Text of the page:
Years later, Luke (Robbins) is a freshman in college grappling with schoolwork, social anxiety and keeping Claire under control. One night while sleeping over at his childhood home, Luke, in a fugue state, unleashes Daniel (Schwarzenegger) from the dollhouse. At first Daniel is a welcome presence – he helps Luke thwart one of Claire’s suicide attempts and gives him the confidence to romance not one but two young ladies (Sasha Lane, Hannah Marks). Soon thereafter Daniel’s true colors come to light as events spiral out of control landing Luke in worlds of trouble.

I’ve liked Robbins in the handful of things I’ve seen him in previously – “Blockers” and “Halloween” (2018) spring to mind. He looks like both of his folks, but also kinda resembles a prettier, younger version of Rosie O’Donnell with the haircut they have him sporting here. Acting-wise, he seems a bit out of his depth. I’m less familiar with Schwarzenegger. I suppose I remember him as Frat Boy in “Grown Ups 2” and as the bully character from “Scouts Guide to the Zombie Apocalypse.” He too looks like his folks. He ain’t built like a brick shithouse like his old man however and in profile kinda resembles evil quarterback Tom Brady. His performance is actually the better of the two leads. It was nice to see Masterson in something again having remembered her from “Some Kind of Wonderful,” “Fried Green Tomatoes” and “Benny & Joon” and not having seen her in anything in sometime … I just wish they gave her more to play than a lady whose cheese is perpetually sliding of its cracker. Lane is an actress I tend to dislike in movies I actually enjoy (“Hearts Beat Loud” and “Hellboy” (2019) … yeah, I’m the one dude who dug it!). I haven’t seen her calling card performance in “American Honey,” which I understand is quite good. You know how people say Zoë Kravitz is like a Xerox of her mother, Lisa Bonet? Well, Lane feels like the Great Value version of Kravitz.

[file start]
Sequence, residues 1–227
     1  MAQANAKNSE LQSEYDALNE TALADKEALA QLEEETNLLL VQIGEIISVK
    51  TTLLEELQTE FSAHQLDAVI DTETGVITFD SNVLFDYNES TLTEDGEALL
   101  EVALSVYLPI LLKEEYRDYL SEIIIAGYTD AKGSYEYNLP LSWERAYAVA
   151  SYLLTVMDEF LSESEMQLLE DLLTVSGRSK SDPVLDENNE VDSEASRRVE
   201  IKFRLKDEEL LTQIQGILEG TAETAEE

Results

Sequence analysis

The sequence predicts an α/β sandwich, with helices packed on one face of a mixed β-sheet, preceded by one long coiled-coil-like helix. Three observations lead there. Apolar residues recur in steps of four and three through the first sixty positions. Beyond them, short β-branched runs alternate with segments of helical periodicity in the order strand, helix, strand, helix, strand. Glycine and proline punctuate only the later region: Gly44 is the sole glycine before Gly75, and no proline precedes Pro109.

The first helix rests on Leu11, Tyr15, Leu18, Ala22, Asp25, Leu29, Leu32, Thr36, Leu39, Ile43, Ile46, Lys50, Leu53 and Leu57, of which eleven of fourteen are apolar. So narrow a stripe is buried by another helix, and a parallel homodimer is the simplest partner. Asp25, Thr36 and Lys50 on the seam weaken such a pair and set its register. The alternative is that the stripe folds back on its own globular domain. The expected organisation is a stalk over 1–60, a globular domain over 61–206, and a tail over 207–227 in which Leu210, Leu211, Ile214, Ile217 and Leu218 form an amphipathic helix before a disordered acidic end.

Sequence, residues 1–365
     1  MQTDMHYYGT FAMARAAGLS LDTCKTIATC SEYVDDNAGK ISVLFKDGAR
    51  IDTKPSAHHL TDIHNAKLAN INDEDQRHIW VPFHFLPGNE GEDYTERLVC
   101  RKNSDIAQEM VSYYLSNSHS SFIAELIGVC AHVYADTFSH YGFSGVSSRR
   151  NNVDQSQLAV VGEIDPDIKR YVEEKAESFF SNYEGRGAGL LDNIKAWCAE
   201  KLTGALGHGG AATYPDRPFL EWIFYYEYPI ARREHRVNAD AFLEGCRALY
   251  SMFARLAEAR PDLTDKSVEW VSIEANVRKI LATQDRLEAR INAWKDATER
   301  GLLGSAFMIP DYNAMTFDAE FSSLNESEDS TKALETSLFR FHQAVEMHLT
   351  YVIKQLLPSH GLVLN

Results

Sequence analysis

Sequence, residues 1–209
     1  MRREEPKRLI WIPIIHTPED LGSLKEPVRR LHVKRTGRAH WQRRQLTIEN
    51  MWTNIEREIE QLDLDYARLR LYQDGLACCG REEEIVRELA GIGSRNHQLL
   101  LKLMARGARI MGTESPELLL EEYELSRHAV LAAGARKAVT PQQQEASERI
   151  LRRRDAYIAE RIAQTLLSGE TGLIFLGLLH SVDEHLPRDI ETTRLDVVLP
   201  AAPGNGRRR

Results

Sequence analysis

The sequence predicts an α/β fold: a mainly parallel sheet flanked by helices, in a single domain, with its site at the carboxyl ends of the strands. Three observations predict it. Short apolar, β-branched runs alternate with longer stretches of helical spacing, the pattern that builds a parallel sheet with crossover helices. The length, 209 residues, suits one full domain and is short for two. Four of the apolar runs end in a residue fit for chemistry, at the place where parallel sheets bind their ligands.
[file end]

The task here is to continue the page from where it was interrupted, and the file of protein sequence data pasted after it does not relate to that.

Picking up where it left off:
“Daniel Isn’t Real” plays like a hodgepodge of “Drop Dead Fred,” “Fight Club” and Robbins’ Dad’s own movie, “Jacob’s Ladder.” I hope and assume this exercise was therapeutic for co-writer/director Adam Egypt Mortimer (“Some Kind of Hate”), but it ultimately seems sensationalistic, insensitive and misguided in its depiction of mental illness. It lacks the depth to delve into serious issues with any real clarity. These peoples’ problems are merely the springboard to a smorgasbord of grotesqueries … some of them are admittedly rendered vividly via squishily practical makeup effects however. (Then again, maybe I should check my privilege as I’m not currently grappling with any form of mental illness?)  “Daniel Isn’t Real” is yet another production of Elijah Wood’s SpectreVision shingle. Much like its forebears “Mandy” and “Color Out of Space” it too sports a synth score, trippy colors and moody lighting, but it all feels warmed over with nowhere to go and nothing to say.